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OSHA Suspends Enforcement of Vax Mandate After Fed Court Halts 'Staggeringly Overbroad' Order

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The Occupational Health and Safety Administration has officially suspended the implementation of its vaccine mandate for private businesses.

OSHA announced as much on its website, saying the agency has “suspended activities related to the implementation and enforcement of the ETS pending future developments in the litigation.”

President Joe Biden previously instructed OSHA to implement and enforce the mandate starting Jan. 4 of next year.

Under the order, which came in the form of an “Emergency Temporary Standard,” all private employers with at least 100 employees must require their workers to either be vaccinated against COVID-19 or submit to weekly tests for the virus.

Fines for failing to comply were up to $14,000 per violation.

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OSHA’s decision to suspend the rule comes shortly after multiple federal courts put a temporary halt on the order, pending litigation.

The first decision, handed down by the U.S. Court of Appeals for the 5th Circuit on Nov. 6, found there to be “grave statutory and constitutional” issues with the mandate.

The second ruling came on Friday when a three-judge panel from the same court upheld the block, calling the measure “fatally flawed” and “staggeringly overbroad,” according to CNBC.

Is the vaccine mandate constitutionally sound?

“The Mandate imposes a financial burden upon them by deputizing their participation in [the Occupational Safety and Health Administration’s] regulatory scheme, exposes them to severe financial risk if they refuse or fail to comply, and threatens to decimate their workforces (and business prospects) by forcing unwilling employees to take their shots, take their tests, or hit the road,” the judges wrote in their opinion.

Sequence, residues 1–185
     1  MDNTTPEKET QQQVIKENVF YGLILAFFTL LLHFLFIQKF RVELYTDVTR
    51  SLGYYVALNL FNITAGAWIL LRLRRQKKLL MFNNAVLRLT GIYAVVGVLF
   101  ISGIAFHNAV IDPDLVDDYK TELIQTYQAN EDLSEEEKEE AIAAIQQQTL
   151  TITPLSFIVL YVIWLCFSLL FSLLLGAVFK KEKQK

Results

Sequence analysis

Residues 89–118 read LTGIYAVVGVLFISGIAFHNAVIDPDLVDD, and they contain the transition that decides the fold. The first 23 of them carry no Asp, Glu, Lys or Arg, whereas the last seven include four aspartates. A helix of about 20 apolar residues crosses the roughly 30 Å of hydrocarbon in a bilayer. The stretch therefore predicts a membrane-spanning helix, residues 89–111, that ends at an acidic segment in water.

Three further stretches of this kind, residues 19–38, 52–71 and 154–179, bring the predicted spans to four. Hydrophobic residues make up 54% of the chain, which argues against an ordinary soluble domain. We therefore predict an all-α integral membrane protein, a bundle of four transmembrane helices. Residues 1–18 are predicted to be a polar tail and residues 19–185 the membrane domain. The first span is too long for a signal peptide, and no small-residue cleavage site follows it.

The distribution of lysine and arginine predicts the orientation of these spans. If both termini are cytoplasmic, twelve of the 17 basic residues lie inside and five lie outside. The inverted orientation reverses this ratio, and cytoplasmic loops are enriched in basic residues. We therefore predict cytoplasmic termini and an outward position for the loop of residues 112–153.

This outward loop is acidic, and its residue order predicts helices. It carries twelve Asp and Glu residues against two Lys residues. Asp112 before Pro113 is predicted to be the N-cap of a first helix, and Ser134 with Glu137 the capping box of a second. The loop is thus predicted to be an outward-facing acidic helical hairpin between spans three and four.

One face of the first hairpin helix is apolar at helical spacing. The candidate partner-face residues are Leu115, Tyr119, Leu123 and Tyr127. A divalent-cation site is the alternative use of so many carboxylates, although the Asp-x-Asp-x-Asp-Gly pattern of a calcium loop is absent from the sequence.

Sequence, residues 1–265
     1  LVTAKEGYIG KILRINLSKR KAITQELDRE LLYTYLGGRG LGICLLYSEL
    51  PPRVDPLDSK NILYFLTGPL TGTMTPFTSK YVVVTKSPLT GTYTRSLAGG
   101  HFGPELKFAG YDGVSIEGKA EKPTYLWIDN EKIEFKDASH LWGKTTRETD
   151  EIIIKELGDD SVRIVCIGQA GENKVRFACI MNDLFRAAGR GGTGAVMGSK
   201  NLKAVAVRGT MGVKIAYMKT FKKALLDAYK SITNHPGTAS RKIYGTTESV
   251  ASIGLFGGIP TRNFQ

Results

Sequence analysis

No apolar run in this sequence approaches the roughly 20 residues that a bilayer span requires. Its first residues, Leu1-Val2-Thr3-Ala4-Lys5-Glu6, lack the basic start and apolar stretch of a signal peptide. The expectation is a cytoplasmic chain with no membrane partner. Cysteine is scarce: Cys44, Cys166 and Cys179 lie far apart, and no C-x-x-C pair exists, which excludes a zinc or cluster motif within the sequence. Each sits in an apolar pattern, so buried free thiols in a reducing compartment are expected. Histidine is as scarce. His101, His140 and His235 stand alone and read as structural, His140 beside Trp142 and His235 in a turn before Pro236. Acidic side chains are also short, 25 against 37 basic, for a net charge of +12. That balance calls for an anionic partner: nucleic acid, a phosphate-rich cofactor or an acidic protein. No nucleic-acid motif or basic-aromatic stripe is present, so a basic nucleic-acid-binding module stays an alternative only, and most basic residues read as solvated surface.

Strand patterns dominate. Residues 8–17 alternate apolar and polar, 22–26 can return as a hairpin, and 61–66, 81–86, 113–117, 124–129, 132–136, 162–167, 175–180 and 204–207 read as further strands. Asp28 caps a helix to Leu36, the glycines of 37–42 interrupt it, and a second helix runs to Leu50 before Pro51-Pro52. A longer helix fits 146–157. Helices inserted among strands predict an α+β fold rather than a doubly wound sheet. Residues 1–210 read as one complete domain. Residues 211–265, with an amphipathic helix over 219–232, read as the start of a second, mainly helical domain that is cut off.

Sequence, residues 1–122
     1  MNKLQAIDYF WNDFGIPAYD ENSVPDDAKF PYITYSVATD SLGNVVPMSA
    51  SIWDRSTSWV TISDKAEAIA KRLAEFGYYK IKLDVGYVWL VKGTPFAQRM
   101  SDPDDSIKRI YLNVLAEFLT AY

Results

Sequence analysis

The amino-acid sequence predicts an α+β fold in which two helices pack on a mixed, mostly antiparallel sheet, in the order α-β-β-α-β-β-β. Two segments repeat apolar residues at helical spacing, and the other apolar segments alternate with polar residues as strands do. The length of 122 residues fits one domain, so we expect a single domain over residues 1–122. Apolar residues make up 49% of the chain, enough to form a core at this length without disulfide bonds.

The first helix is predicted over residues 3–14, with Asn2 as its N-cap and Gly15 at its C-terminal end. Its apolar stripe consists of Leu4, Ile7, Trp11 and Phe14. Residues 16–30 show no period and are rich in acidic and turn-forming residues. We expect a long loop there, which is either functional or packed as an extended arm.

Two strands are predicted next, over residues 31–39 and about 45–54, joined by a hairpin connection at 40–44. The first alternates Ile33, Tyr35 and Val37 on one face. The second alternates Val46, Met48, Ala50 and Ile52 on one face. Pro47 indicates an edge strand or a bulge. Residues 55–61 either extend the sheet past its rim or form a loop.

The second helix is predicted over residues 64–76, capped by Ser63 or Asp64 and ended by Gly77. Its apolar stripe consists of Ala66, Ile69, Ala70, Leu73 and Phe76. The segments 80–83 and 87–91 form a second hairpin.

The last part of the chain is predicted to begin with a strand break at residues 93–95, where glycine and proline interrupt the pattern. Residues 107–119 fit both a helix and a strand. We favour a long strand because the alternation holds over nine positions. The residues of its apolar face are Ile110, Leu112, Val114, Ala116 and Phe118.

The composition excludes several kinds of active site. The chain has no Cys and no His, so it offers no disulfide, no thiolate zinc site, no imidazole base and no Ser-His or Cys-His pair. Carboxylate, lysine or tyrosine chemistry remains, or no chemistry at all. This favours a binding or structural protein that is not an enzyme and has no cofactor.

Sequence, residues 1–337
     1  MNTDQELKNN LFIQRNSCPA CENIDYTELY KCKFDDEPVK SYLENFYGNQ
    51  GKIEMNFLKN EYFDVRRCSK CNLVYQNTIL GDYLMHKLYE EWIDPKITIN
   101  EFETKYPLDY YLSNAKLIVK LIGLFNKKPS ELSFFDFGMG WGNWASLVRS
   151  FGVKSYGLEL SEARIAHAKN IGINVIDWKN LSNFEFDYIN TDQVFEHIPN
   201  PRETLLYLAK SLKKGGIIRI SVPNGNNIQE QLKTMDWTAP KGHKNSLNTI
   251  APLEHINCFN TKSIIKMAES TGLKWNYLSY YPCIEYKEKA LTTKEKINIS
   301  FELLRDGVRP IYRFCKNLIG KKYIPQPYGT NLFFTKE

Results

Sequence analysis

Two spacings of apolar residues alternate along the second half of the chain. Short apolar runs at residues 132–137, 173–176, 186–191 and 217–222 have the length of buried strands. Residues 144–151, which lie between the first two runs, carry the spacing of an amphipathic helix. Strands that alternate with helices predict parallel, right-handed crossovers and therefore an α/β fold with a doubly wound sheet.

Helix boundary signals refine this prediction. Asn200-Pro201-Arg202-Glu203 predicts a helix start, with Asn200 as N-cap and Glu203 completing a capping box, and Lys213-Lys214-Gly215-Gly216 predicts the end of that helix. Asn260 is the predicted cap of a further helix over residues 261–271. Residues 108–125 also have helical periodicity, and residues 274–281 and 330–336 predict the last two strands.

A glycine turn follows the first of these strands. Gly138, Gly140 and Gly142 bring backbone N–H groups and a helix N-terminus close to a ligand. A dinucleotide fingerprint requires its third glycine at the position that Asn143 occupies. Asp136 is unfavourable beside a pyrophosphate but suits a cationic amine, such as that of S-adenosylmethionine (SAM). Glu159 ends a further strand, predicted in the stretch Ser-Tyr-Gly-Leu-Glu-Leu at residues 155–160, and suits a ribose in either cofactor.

“The Occupational Safety and Health Act, which created OSHA,” the judges wrote, “was not … intended to authorize a workplace safety administration in the deep recesses of the federal bureaucracy to make sweeping pronouncements on matters of public health affecting every member of society in the profoundest of ways.”

Should the temporary rule be reimplemented following litigation, OSHA will be seeking to enforce it on a permanent basis.

The agency’s 490-page-long rule included a “Request for Comment” section that listed seven possible alterations to the rule, should it become permanent.

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OSHA asked for comment regarding each of the seven measures, along with many others.

Those possible changes included forcing the mandate on all employers, including those with less than 100 employees; forcing employers to implement mask mandates; allowing no exceptions for unvaccinated employees with natural immunity; removing weekly testing as an alternative to vaccination; testing more often than weekly; creating higher standards for masking; and enforcing rules regarding social distancing, physical barriers and ventilation requirements.

If all were implemented, these rules would essentially require vaccines and masks for every working American.

This article appeared originally on The Western Journal.

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